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Science reveals the secrets of buying decisions

The wonder that is Sky+ means that I rarely watch live TV these days, unless it is an important sports fixture. For this reason, I have only just caught up with the BBC Horizon science programme documentary entitled "How you really make decisions" and I found it very fascinating for a marketer involved in trying to understand buying decisions and putting together sales winning value propositions.

Behavioural Economics - how we make buying decisions

The programme was based around, in particular, the work of renowned psychology professor Daniel Kahneman, who was awarded a Nobel Prize for Economics in 2002 as a result of his work on the psychology of decision making that has also led to the creation of a new science called 'Behavioural Economics'.  This science describes how we actually make decisions rather than how we say we do, and is being used to explain how the economic crisis of 2008 came about through our innate flawed decision making processes.

It appears that we have 2 mechanisms we use for making a decision, intuition (a fast process Kahneman labels 'System 1') and rational thinking (a slower process that uses logic and Kahneman calls 'System 2'). It also appears that, despite what we may like to think, in the vast majority of cases we use System 1 to make decisions and say we use System 2 afterwards. However, the intuitive System 1 process has biases - it doesn't like losing, so will be far more likely to take decisions that avoid pain rather than to receive a gain. This was admirably illustrated with an experiment that asked passers by to respond to one of two scenarios put to them:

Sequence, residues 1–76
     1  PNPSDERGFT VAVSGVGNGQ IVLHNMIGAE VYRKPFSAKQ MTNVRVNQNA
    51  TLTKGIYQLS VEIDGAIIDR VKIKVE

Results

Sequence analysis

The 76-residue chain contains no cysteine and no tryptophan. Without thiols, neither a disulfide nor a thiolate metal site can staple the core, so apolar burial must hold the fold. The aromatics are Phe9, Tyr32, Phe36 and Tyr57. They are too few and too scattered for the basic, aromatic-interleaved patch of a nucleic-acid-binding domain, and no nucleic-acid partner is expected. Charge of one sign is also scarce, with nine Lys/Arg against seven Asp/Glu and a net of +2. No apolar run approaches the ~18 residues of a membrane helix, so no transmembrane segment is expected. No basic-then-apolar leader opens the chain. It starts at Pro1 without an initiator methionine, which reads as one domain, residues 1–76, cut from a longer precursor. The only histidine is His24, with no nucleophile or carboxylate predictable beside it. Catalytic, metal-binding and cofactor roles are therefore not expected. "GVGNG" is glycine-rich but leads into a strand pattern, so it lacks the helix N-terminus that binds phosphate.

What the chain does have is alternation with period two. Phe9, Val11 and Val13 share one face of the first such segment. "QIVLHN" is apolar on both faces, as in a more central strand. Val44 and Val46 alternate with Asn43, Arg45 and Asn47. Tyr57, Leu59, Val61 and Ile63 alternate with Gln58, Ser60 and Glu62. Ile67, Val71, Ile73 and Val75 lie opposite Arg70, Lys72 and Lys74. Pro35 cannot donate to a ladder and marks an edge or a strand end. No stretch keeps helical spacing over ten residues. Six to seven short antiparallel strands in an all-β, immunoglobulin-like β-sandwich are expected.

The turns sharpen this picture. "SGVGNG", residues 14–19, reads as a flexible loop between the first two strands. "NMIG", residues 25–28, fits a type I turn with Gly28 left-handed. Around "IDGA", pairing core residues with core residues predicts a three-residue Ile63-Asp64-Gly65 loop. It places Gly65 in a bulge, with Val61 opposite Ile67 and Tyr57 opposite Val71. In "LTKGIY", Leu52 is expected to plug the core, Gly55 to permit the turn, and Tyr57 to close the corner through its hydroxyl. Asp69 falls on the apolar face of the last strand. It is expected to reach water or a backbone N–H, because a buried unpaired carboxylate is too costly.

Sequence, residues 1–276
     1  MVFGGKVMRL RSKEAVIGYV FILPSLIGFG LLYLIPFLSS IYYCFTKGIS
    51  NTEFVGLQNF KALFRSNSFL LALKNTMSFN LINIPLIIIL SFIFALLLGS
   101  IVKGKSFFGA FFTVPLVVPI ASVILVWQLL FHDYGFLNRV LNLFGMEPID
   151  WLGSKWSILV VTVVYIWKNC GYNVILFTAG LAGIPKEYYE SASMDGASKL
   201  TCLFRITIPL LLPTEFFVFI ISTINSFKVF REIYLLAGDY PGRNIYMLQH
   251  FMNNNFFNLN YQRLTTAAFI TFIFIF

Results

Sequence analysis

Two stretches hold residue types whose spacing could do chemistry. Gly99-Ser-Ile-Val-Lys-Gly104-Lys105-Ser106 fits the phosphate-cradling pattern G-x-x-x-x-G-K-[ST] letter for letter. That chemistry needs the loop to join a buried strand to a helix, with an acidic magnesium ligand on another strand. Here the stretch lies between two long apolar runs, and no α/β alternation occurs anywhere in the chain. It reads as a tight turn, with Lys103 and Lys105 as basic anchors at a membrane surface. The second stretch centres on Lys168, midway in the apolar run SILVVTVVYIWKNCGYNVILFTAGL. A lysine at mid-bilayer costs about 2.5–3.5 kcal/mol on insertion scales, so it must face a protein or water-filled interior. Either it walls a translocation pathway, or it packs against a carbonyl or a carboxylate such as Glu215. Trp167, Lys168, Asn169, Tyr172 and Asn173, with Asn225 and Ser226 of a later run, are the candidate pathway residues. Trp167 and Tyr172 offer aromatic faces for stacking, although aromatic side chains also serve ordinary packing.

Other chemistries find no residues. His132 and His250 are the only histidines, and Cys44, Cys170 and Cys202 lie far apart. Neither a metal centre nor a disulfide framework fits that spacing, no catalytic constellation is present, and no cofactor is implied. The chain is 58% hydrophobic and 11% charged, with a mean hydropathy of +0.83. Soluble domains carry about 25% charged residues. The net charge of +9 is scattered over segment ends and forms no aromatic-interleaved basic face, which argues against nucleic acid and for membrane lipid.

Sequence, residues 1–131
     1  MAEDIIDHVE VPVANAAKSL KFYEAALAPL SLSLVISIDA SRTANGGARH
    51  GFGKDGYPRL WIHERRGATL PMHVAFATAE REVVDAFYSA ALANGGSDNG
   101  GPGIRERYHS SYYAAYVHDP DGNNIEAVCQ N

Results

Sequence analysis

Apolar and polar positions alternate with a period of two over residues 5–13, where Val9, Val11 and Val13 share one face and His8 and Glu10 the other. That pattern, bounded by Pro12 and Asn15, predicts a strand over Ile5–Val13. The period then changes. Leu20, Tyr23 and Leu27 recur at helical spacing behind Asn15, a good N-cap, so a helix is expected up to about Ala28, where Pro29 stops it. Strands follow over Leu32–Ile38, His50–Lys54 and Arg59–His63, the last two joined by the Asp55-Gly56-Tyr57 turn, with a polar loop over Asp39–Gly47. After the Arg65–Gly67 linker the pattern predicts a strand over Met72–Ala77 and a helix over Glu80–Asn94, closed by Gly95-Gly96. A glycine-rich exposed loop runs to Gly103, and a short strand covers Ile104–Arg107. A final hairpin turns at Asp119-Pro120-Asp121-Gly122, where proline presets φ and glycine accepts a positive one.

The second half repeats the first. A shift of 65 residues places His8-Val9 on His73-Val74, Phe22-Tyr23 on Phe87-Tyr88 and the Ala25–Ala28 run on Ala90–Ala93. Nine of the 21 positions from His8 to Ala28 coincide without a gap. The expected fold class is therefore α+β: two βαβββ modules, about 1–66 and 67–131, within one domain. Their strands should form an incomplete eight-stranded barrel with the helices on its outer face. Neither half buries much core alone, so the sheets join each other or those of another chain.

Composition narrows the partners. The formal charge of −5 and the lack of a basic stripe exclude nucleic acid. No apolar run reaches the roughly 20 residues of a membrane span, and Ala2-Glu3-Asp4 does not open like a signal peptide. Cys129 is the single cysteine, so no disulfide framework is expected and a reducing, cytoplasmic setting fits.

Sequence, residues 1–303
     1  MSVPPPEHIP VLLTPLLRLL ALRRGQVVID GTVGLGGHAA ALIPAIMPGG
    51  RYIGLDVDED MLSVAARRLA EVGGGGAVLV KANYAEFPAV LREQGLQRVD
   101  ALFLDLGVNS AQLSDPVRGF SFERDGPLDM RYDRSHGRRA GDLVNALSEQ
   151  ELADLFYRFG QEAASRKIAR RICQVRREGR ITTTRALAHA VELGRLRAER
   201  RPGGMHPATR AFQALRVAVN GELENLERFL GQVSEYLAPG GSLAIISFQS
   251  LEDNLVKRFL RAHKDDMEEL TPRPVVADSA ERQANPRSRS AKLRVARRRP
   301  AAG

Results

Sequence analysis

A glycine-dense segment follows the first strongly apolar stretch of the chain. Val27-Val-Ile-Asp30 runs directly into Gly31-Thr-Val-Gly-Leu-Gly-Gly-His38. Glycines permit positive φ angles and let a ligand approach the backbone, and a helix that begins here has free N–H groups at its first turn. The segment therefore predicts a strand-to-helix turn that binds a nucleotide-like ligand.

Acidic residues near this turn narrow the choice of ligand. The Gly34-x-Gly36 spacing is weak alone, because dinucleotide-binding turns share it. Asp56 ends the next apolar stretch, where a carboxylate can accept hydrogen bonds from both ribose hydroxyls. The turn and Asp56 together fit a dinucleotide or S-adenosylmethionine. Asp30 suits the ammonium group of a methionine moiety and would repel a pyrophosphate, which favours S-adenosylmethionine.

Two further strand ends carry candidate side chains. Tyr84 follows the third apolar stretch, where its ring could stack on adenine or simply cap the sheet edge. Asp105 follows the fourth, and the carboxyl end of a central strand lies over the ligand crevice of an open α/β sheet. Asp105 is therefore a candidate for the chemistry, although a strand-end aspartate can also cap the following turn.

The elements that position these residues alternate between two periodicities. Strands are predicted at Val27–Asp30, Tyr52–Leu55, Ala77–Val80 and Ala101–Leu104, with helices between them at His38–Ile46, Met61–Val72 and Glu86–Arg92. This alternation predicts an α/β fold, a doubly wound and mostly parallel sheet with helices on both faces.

1. The subject is given £10. They are then offered the choice of another guaranteed £5 or the chance to win a further £10 based on the toss of a coin - heads they get the extra £10, but tails they get nothing extra (keeping the original £10).
  2. The subject is given £20. They are then offered the choice of losing  a fixed £5 from that or the chance to lose 0 based on the toss of a coin - heads they lose nothing, but tails they lose £10 off the original.

A quick bit of maths will tell you that both scenarios have the same outcome - either taking home a guaranteed £15 or the opportunity for that to become £10 or £20 based on the results of the coin being tossed. Strangely enough the vast majority given Scenario 1 took the 'safe' option, whereas those given Scenario 2 were far more likely to take a chance - they were intuitively taking a decision to avoid perceived 'loss'.  Other research showed this intuitive 'loss aversion bias', as it was labelled, is inherent in our ape cousins also, so it is deep seated in our genetic inheritance - however hard we try we can't 'train' ourselves out of it.

Value propositions need to show how to avoid pain

It struck me that this illustrated what the best sales people I have worked with have always known - successful value proposition messages need to appeal to the 'System 1' brain i.e. show how the customer can avoid pain by buying your solution. This is often hard to take for us marketers - we are 'glass half-full' people who generally prefer to talk about the positive aspects of our solutions. We need to accept that, for the initial message, we need to play to the loss avoidance bias in our customers. In the B2B world we will, however, also need to supply the benefit gaining 'System 2' friendly information for the buyer to be able to justify their decision to colleagues and other stakeholders based on logic.

The puzzle of the New York cabbie

As an aside - the most fascinating illustration of this loss aversion bias in the programme was used to explain the bizarre behaviour of New York cab drivers (well, at least one of their bizarre behaviours). On a rainy or cold day there are many people who want to hail a cab, but on a sunny day business is more difficult to come by. So logic says (System 2 brain thinking) a driver could maximise earnings by working long hours on bad weather days and take more time off on nice days. Strangely, their actual behaviour is to do the exact opposite! It appears that they aim to earn a set amount of cash per day, and if they are under that target (for example on a sunny day) they will continue working until they make up the perceived 'loss', whereas on a rainy day they will knock off as soon as they have hit the target despite the opportunity to make a whole lot more.

So the next time you are not getting traction with your marketing messages about how much extra revenue your solution offers prospects just think of the New York cabbie to understand why!